Woodrow Wilson wanted it [the graduate school] on the campus. His nemesis, Dean Andrew Fleming West wanted it where it is, upon a hill, near the college. Wilson had one of his characteristic tantrums, resigned, went into politics, and ruined the 20th century. I simplify a bit and exaggerate somewhat.
West also appears in history as the Classicist who ruined the facade of the New York Academy of Medicine, an imposing 1925 stone building on Fifth Avenue in New York City. The Academy had a simple request: they wanted to write “New York Academy of Medicine” in giant stone letters on the facade of their new building — in Latin. They asked Andrew Fleming West, who as a famous Classics Professor, Dean of Princeton University’s Graduate School, founder of the American Classical League, and former President of the American Philological Association seemed impervious to error in so simple a matter, to do the translation. So with great confidence they carved on to their facade what he told them to carve: ACADEMIA MEDICINAE NOVA EBORACENSIS. Reading it straight through, it looks plausible enough: the words mean “Academy,” “of medicine,” “new,” and “located in York.” But the adjective for “New York” is Neo-Eboracensis, or more rarely, Noveboracensis. And certainly not Nova Eboracensis. West probably got his nova from the Latin name for New Jersey, Nova Caesarea, and its adjective, Novacaesariensis, which used to be on the Princeton University seal back in the days when it was called the College of New Jersey. But there’s nothing feminine in York — Eboracum — to justify nova being feminine when it comes to New York. And hence nova has to go with academia, and the inscription has to mean “the New Academy of York Medicine.”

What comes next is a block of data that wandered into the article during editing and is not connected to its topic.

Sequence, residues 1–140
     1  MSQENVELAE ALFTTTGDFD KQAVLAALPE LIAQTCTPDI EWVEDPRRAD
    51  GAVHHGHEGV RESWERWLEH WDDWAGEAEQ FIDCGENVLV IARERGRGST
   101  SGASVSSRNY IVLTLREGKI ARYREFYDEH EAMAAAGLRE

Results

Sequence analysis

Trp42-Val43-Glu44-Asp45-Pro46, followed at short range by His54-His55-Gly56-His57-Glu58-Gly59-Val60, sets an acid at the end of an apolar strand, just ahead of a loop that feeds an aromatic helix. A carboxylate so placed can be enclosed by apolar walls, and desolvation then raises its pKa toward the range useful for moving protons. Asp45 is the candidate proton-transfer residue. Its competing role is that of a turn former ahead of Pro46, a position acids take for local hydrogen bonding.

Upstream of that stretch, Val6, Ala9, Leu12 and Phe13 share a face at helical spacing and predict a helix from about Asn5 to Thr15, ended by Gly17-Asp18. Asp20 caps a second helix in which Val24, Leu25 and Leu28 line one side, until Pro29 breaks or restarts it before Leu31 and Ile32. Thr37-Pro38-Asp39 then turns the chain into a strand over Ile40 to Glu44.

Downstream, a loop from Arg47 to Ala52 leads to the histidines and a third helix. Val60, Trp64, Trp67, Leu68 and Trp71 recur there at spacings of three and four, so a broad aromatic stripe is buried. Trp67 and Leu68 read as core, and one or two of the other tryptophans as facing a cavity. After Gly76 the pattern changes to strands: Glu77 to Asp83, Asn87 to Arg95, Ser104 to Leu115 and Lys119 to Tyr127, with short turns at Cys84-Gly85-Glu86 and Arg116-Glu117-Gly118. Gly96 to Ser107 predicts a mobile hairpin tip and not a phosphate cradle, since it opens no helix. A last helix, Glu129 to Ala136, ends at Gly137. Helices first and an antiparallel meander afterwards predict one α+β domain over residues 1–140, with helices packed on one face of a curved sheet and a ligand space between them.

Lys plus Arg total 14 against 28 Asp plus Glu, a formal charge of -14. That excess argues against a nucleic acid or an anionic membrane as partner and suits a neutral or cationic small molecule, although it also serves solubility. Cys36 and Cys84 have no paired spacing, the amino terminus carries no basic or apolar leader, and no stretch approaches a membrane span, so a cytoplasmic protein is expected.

As soon as the building was unveiled, complaints from Latinists started coming in, complaints which have been preserved in the New York Academy of Medicine’s archives, and which are delightfully chronicled by Fordham Classics Professor Matthew McGowan in his book Classical New York. One critic carped that this “error, in such stately lettering, is literally monumental.” (Finally! A correct use of “literally”!) Another called it “most discreditable” to the institution. A board member provided the Academy’s craven defense: “We trusted that the inexpertness of the average New Yorker in Latin might cover up the deplorable ignorance of the inscription.” But one critic, Dr. William Osler of McGill University, had it right, suggesting that for such matters the right person for the job was a Latinist, not a Classicist. And where could Latinists be found? Among the people handling internal correspondence for the Roman Catholic Church. “With all due tact and respect,” Osler wrote, “drop the Princeton professor and consult the Latin secretary of the Cardinal Archbishop of New York.”